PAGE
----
by Veda Popovici and David Schwartz
Our discussion is rooted in the presentation Veda Popovici gave at the conference-workshop Nationalism, Fascism and the Holocaust in Romanian History – A Critical Approach, organized by Third Generation Buchenwald during October 16 – 20 in Bucharest. Veda Popovici is interested in national identity and decolonization, topics which she pursues both in her artistic work, as well as in her theoretical endeavors. She completed her PhD on the topic of nationalism in 1970s and 1980s art. David Schwartz is a theatre director interested in the genealogy of nationalism in Romania and in histories of progressive resistance movements in the local context.
V: Romania has recently elected a new president and it is symptomatic how relevant a role – essential, even – the manipulation of the desire of belonging to Europe has played in the legitimation of this presidency. Not only has the intellectual obsession for Europe not receded, but it is now stronger than ever.
D: I agree, I think this would be the starting point. On the one hand, I believe this obsession existed before the 19th century, but the national ideal – which was also formed as an attempt to mirror the formation of the Western nation-stated – only gained a firm footing in the 19th century.
V: Exactly, the obsession with belonging to Europe settles in during the 19th century: the elites begin shaping the national project, as well as the economic and cultural policies of modernization. If we understand modernity as an ample programmatic process of adjusting a marginal, peripheral society to Western modernity, we already see that we had the perfect premises for the settling in of this “desire for Europe.”
D: But I also believe it was a strategy. In the context of Ottoman and Czarist expansion, it was a political strategy.
V: It was definitely a political strategy as well. These things are complementary, after all. The idea that the option for Westernization is politically arbitrary is not very useful. The political elites were already in a state of subalternity in a geopolitical context, and the Romanian space was long overdue for a systemic integration.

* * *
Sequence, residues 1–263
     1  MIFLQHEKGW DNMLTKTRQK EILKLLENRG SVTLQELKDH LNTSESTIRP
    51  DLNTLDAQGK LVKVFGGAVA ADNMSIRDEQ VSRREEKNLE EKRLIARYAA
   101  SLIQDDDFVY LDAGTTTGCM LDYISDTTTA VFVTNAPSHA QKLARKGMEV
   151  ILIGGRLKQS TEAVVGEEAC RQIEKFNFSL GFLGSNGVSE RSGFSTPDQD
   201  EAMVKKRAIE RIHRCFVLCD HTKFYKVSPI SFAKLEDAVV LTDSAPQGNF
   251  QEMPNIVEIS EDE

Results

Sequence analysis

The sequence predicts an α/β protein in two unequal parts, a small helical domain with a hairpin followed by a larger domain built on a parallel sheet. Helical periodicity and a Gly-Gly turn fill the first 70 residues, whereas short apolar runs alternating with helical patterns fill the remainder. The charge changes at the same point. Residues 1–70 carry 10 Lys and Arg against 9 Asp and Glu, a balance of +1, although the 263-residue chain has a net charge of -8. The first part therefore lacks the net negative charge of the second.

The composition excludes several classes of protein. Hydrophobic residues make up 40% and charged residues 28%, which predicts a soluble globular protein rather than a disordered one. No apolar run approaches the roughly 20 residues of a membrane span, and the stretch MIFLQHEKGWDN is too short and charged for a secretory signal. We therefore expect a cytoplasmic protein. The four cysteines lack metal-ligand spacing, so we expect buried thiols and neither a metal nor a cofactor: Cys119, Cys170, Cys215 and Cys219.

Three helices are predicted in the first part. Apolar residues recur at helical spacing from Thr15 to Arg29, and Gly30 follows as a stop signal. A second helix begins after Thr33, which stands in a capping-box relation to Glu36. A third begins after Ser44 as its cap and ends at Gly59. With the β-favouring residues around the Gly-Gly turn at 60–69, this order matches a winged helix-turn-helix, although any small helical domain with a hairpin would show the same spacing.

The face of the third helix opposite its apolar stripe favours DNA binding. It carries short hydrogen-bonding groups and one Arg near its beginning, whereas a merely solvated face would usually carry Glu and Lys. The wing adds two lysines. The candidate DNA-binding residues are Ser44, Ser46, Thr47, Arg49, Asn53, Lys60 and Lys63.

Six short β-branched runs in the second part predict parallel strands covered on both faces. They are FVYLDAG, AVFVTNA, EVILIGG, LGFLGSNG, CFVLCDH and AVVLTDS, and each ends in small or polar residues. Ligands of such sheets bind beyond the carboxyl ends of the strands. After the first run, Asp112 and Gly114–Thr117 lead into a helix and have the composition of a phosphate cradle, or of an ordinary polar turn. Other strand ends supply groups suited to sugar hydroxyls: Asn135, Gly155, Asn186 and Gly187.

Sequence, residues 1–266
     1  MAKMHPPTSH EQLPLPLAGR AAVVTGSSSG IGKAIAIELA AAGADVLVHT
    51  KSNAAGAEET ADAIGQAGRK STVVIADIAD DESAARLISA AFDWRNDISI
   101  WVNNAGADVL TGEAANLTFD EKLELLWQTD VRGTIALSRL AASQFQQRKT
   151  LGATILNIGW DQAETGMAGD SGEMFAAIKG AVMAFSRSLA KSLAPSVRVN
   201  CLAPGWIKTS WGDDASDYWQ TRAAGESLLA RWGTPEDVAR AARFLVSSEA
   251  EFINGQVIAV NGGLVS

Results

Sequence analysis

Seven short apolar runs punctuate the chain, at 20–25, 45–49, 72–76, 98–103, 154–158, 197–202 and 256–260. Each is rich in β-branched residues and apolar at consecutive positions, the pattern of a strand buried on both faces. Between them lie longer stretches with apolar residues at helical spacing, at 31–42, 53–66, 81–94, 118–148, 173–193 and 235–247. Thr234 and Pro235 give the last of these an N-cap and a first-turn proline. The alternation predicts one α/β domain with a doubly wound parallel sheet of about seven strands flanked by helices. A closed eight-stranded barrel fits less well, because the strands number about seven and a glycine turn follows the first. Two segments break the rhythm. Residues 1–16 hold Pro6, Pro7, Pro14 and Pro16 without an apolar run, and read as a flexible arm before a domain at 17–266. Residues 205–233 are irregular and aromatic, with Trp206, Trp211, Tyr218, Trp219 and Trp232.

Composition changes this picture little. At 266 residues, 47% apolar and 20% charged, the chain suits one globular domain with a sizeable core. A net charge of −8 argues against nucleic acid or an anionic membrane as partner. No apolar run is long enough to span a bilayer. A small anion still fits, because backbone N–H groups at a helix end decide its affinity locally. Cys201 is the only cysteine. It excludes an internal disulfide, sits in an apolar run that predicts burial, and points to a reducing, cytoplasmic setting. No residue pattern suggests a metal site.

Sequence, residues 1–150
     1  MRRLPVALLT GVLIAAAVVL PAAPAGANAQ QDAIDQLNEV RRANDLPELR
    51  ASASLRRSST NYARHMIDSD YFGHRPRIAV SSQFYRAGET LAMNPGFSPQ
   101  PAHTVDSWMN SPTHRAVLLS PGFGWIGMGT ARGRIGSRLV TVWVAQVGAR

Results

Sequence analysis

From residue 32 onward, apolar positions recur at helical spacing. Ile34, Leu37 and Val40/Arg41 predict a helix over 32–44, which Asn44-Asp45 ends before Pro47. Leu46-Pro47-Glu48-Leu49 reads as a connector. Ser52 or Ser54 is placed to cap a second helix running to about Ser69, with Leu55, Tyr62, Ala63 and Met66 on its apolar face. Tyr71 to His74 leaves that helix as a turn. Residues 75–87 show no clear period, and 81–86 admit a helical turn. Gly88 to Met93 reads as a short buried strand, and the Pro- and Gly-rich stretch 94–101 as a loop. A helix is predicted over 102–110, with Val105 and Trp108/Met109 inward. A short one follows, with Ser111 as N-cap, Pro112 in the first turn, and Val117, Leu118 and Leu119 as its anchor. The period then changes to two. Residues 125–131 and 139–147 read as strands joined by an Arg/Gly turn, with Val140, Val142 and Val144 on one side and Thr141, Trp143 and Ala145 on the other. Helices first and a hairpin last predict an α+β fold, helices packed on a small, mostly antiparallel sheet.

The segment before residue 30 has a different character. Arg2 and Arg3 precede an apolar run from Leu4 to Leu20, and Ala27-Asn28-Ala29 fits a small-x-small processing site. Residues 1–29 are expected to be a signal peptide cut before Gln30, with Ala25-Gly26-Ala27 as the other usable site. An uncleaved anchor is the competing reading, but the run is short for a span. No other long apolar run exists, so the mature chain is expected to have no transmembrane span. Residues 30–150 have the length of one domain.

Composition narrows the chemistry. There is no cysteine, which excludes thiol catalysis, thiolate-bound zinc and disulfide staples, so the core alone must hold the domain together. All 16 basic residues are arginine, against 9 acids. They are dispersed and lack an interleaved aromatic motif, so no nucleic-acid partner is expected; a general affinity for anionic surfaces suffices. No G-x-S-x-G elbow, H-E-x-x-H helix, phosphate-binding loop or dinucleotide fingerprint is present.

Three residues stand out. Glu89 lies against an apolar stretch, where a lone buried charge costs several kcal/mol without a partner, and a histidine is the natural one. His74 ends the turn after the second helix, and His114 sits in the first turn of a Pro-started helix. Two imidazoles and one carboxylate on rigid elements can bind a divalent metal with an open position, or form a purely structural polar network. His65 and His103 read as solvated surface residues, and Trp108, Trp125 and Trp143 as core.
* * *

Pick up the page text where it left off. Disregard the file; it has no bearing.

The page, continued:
V: National discourse in the Romanian context is primarily a narrative of belonging to Europe. Its different versions each build their own representation of Europe. Some feed off others, others compete with one another, but all seek to demonstrate belonging. If we look at fascism, belonging to Europe is shaped in similar fashion to camaraderie: in a masculine, patriarchal ethos of assertion through aggression, the tendency is to align to the great fascist powers of the time, Germany, Italy and Spain. The discourse on the nation smothered rather than fueled theories which might have led to a critical, emancipatory, decolonizing discourse. Cioran offers an eloquent example of this vision: entering history through the extreme violence of the strongest. He regards history as the great, Hegelian, European History of the transcendental political organisms which are the nation-states. This is the typical perspective of a colonized subjectivity, an internalization of the colonial gaze which claims that you are outside history and you must perform an extraordinary act to overcome your condition in order to enter history.
D: If we look towards other areas or to other processes of decolonization, we come across a very significant aspect: the need for a history or a mythology, no matter if it is national or not, which can be claimed, which can offer trust and legitimacy and help you regain the dignity of an autonomous subject. In Latin America, a great deal of references to the indigenous movements – even in states where the indigenous population is not very significant – have precisely this goal and this meaning: they serve the legitimating process of a subjectivity which is just as powerful as that of the colonizer. That’s why I believe it important to analyze where proto-cronism began and where it failed. On the one hand, how did it end up in this extreme, laughable form, lacking credibility and being of no help to a potential emancipatory process, on the other hand, even more relevant, what would be the alternatives. I believe it would be very important to construct this mythology. It would offer a different type of dignity and resistance to Western domination and I don’t think it’s a coincidence the fact that a movement like the one in Pungesti (against shale gas exploitation through fracking) went so far to the right. The far right is the only one offering such a mythology which comes with a mobilizing potential. This why I believe it would be important to ask ourselves what would be the possibilities of constructing historical and mythological landmarks to serve emancipatory purposes, not repressive ones.